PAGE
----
Ø  Manufacturing: To further modify the manufacturing sector (which allowed 100% FDI
under the automatic route), 100% FDI under government approval route was
allowed for retail trading, including through e-commerce produced in India ,in
respect of food products manufactured.

Ø  Civil Aviation: In existing projects the threshold for FDI under the automatic route
was raised from 74% to 100%.

Ø  Single Brand Retailing: Sourcing norms applicable for FDI were unwinded and won’t be
applicable up to 3 (three) years from commencement of the business which means
the opening of the first store for entities undertaking single brand retail
trading of products having ‘state-of-art’ and ‘cutting-edge’ technology and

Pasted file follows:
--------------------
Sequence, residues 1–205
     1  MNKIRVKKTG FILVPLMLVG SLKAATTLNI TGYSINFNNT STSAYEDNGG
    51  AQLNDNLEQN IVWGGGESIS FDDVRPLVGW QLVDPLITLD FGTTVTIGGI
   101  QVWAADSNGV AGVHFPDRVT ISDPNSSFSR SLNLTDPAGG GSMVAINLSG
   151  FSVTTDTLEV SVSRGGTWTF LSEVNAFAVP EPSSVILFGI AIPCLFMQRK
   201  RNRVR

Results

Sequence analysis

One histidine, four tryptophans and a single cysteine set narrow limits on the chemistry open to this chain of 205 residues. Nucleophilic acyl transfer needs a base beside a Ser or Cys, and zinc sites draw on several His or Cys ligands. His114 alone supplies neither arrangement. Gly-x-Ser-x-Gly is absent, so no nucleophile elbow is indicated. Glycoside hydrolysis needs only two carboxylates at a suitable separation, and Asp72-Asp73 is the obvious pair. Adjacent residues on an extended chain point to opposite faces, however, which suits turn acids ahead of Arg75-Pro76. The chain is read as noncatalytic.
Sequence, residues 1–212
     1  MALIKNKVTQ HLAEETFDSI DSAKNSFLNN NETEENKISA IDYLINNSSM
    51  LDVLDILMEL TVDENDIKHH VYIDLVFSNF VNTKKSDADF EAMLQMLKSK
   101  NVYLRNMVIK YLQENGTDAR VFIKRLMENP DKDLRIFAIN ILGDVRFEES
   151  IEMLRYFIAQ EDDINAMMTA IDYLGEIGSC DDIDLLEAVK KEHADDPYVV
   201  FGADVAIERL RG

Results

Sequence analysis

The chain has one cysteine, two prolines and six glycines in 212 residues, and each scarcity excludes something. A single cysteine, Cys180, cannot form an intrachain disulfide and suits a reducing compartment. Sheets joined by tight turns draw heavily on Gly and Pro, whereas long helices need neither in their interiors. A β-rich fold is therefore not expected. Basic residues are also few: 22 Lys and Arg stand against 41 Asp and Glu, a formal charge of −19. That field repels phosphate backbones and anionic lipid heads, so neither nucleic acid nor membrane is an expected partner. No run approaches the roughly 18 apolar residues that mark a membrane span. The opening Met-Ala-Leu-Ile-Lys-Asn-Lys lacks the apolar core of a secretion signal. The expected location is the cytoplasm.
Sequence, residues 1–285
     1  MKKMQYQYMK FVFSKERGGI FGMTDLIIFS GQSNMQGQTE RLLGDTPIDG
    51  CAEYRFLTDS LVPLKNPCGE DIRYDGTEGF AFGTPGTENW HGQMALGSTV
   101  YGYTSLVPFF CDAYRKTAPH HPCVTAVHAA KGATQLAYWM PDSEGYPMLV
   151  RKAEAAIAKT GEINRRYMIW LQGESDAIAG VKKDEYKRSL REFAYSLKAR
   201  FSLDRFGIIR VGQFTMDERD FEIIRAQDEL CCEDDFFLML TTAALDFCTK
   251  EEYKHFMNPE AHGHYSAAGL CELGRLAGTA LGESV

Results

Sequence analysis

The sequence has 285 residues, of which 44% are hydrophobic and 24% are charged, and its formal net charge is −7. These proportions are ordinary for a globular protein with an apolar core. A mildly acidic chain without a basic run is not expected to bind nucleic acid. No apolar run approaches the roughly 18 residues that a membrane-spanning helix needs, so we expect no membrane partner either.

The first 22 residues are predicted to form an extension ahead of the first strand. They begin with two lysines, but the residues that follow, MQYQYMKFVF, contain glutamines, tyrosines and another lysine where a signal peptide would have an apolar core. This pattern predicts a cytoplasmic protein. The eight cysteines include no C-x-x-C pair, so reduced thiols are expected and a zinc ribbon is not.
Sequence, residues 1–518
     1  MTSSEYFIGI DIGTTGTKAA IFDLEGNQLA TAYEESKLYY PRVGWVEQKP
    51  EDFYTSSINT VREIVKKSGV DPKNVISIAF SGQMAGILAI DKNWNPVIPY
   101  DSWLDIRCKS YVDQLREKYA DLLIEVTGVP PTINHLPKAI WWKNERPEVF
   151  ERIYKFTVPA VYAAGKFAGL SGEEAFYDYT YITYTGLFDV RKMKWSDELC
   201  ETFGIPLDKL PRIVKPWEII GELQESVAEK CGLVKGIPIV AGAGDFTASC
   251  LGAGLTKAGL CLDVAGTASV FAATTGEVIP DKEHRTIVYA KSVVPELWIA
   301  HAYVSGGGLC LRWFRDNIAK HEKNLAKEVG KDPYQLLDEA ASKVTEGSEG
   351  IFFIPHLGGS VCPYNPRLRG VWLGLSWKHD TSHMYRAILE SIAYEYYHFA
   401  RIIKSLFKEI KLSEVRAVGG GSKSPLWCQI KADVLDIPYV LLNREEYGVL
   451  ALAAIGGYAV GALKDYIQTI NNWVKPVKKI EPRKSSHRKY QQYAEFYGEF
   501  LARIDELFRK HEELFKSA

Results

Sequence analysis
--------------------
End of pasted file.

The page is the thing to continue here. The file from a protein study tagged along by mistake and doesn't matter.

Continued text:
where local sourcing is impossible.

Ø  Other Financial Services: The previously applicable capitalisation norms for non-banking
financial services companies were dissolved, with applicability of sectoral
laws and all other financial sector activities by entities already regulated by
financial sector regulators fall under the 100% automatic route of investment. (Savani, 2017)

Table-1

FDI
inflows to Major Sectors from Top Five Host Countries (in per cent) from
2011-12 to 2015-16(November) (Rupees in Crores)

 
      
Sectors
 

 
Singapore

 
Mauritius

 
Netherlands

 
US

 
Japan

Service Sector

18.6

18.9

15.4

19

20

Computer software and hardware

13.6      

6.2

3.2

9.8

1

Trading

11.8

2.4

10

3.2

4.6

Telecommunications

8.6

11.5

0.3

2

0.1

Drugs & pharmaceuticals

6.6

1.0

0.6

2

3

Power

5.0

6.1

2.7

4

0.3

Construction(infrastructure)